Abolishing slavery by constitutional provisions settles the fate for all coming time. Not only of the millions now in bondage, but of unborn millions to come.
Daniel Day Lewis has received so much attention for his incomparable performance as Abraham Lincoln that we have somewhat ignored the other master stroke of this film. Rather than try to forge a sweeping biography of 16th president, something better suited to a television miniseries, director Steven Spielberg and screenwriter Tony Kushner have chosen to focus on one critical interval late in his presidency, to show the full weight of his political genius brought to bear on the most critical issue of that presidency.
In January, 1865, the American Civil War is drawing to a close. It’s obvious to everyone that the North is close to defeating the Confederate South, and that leaves President Lincoln with a potential problem. The legality of his Emancipation Proclamation is dubious at best, and based largely on his powers as a wartime president. In peacetime, the courts might not uphold it, and southern states re-admitted to the Union would doom any hope of congressional action to end slavery. In short, the war could end with slavery almost exactly where it was when the war started.
The best hope for making permanent the end of slavery rests with the passage of a constitutional amendment. The Thirteenth Amendment had already passed the Senate but is well short of the number of votes needed to pass it through the House of Representatives.
Alexander Stephens: If we're not to discuss a truce between warring nations, what in heaven's name can we discuss?
Ulysses S. Grant: Terms of surrender.
Lincoln wants to push it through now, rather than wait for the war to end. His own Secretary of State, George Seward (David Straithairn), counsels against, thinking its inevitable failure will weaken Lincoln going into his second term. The President must balance at least three competing factions to secure the amendment’s passage. First, there are the conservative Republicans, led by Francis Preston Blair (Hal Holbrook), who want to see the war over and would rather deal with the slavery issue later. On the other side are the radical abolitionists of the same party, led by Thaddeus Stevens (Tommy Lee Jones), who would see any sort of negotiated peace with the South, which leaves slavery intact, as an unacceptable betrayal. They are afraid that Lincoln, whom they see as weak and vacillating on slavery, is pushing the amendment forward because he’s knows it will be defeated, allowing him to beat the South without permanently abolishing the “peculiar institution.”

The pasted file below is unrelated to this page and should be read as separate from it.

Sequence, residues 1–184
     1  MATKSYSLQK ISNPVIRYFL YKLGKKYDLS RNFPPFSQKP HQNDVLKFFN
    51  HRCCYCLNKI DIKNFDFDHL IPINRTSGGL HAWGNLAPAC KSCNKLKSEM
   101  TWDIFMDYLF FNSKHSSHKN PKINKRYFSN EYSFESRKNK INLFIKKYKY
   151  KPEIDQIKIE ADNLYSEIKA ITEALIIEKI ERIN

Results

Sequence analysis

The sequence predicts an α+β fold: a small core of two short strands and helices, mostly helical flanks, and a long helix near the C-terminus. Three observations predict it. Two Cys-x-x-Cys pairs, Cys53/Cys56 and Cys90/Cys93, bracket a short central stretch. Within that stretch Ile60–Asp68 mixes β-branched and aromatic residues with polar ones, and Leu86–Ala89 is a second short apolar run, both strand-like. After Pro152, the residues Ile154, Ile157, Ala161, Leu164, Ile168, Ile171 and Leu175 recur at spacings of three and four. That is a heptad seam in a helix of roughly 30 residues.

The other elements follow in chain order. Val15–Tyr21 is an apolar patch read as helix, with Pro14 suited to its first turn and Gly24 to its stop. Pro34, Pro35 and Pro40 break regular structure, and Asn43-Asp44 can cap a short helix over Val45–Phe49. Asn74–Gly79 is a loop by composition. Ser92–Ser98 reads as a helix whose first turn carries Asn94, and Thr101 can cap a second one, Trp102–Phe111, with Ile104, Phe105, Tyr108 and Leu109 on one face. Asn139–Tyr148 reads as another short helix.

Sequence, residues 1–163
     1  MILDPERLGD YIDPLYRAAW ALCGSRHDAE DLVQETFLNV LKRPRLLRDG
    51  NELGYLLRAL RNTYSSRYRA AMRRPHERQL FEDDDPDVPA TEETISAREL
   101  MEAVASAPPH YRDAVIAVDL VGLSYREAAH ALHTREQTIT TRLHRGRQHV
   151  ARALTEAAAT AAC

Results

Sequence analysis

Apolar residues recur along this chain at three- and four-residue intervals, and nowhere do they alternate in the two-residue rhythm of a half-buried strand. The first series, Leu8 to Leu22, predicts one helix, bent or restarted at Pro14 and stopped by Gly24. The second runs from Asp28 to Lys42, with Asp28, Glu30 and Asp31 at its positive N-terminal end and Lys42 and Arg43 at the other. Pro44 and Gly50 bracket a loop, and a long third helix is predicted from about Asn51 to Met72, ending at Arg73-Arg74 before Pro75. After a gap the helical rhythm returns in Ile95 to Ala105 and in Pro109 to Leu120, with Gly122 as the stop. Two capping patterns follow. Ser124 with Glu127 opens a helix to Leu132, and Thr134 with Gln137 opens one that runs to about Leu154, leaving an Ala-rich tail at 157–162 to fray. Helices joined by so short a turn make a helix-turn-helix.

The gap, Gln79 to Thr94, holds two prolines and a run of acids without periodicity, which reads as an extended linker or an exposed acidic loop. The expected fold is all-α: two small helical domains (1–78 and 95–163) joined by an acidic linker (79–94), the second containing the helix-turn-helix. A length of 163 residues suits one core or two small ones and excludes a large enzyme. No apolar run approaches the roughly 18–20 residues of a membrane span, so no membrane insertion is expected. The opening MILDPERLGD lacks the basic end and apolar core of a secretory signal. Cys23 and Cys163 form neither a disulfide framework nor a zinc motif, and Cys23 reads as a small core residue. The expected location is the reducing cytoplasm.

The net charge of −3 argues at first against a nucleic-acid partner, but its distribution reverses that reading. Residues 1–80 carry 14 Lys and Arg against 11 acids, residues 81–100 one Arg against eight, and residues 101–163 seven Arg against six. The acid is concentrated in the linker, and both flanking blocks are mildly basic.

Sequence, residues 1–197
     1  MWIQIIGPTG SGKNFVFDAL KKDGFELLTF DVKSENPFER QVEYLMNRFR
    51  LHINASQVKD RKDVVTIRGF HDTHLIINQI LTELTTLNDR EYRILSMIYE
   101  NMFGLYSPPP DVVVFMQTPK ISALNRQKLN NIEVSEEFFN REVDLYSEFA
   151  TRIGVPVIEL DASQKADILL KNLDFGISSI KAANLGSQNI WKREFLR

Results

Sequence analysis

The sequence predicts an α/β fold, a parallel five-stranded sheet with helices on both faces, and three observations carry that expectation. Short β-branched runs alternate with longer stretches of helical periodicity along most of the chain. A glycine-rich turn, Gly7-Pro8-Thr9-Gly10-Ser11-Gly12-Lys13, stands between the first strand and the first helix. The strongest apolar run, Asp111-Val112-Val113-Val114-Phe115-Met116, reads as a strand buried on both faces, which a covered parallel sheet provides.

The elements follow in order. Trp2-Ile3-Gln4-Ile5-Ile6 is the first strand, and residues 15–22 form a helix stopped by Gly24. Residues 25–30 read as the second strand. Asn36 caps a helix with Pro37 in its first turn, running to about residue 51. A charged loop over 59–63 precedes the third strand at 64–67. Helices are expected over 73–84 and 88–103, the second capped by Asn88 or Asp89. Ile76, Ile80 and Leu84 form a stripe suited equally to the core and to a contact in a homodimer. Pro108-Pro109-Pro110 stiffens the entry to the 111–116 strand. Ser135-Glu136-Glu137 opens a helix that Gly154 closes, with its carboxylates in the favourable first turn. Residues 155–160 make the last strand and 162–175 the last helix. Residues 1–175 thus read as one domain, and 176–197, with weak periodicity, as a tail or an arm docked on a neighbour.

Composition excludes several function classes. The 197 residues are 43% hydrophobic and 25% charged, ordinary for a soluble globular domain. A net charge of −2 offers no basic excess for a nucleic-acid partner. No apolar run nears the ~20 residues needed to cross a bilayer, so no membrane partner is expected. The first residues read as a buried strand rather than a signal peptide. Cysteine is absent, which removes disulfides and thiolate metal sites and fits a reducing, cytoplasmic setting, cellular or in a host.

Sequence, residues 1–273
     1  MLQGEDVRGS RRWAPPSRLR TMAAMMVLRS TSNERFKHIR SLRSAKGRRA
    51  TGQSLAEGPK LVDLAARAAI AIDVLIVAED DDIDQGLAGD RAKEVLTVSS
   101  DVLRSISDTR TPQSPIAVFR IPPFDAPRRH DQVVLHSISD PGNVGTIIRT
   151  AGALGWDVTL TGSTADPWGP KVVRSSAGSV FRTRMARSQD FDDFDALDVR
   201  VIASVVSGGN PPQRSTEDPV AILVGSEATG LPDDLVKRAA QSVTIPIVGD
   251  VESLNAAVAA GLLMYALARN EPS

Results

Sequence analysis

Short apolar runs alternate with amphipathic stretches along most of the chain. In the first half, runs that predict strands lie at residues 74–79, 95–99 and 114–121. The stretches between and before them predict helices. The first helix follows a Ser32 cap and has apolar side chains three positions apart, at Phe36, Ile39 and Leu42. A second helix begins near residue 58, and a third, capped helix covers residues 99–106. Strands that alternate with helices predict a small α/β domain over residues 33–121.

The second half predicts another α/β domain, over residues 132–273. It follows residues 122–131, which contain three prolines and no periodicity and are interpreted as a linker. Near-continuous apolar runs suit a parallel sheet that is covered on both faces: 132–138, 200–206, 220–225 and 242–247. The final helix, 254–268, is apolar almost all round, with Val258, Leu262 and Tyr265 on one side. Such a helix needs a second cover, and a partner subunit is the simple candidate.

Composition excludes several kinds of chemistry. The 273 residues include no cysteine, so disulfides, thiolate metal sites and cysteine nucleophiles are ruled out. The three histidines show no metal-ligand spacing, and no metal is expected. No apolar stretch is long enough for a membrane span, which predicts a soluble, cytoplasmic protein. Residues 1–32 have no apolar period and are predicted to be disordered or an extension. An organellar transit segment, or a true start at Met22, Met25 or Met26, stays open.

In order for the amendment to pass, they will need Democrats to break ranks and vote for it. Lincoln pins his hopes on the “lame duck” congressmen who were defeated in the 1864 election, and thus don’t have to worry about their political futures. He is prepared to offer them patronage jobs in his second administration to procure their votes. To that end, Secretary Seward dispatches a team of political operatives to “persuade” the necessary Democrats to come over to the “Aye” column.
The strengths of this film are multi-fold. Rather than a hagiographic portrait of the marble man in the Lincoln Memorial, we get a full blooded human being and a consummate politician. This Abraham Lincoln fights in the trenches and fights to win. He’s not afraid to stretch or bend the truth about the existence of a peace commission from the Confederacy in order to get his way.
This is also Abraham Lincoln as husband and father. He dotes on young Tad (Gulliver McGrath), almost abandoned by his mother after the death of his brother Willie. The President is equal parts tender and stern with his wife, the brittle Mary (Sally Field in one of this film’s many great performances), just emerging from mourning over Willie and paralyzed with fear that the war will claim her oldest, Robert (Joseph Gordon-Levitt), if he gets anywhere near the Army uniform he wants to wear.
There was some controversy over the fact that, in the film, two Connecticut congressman vote against the amendment when in reality that delegation voted unanimously for it. Screenwriter Kushner claimed that he made the slight diversion from historical fact in order to create some dramatic suspense over the outcome of the vote. As the passage of the Thirteenth Amendment is a matter of historical record, I don’t see his point. The drama of his film stems not from any suspense over the ending, but from seeing how it was accomplished. I think Mr. Kushner may have bought into the conventional Hollywood wisdom that movies somehow need that kind of suspense, but whatever his reason, it was an error on his part (and an error on Spielberg’s part not to correct it).
This movie is based on one the most singularly dramatic events of American history, as well as a book of incomparable scholarship (Doris Kearns Goodwin’s Team of Rivals). This story doesn’t need that kind of help from a screenwriter.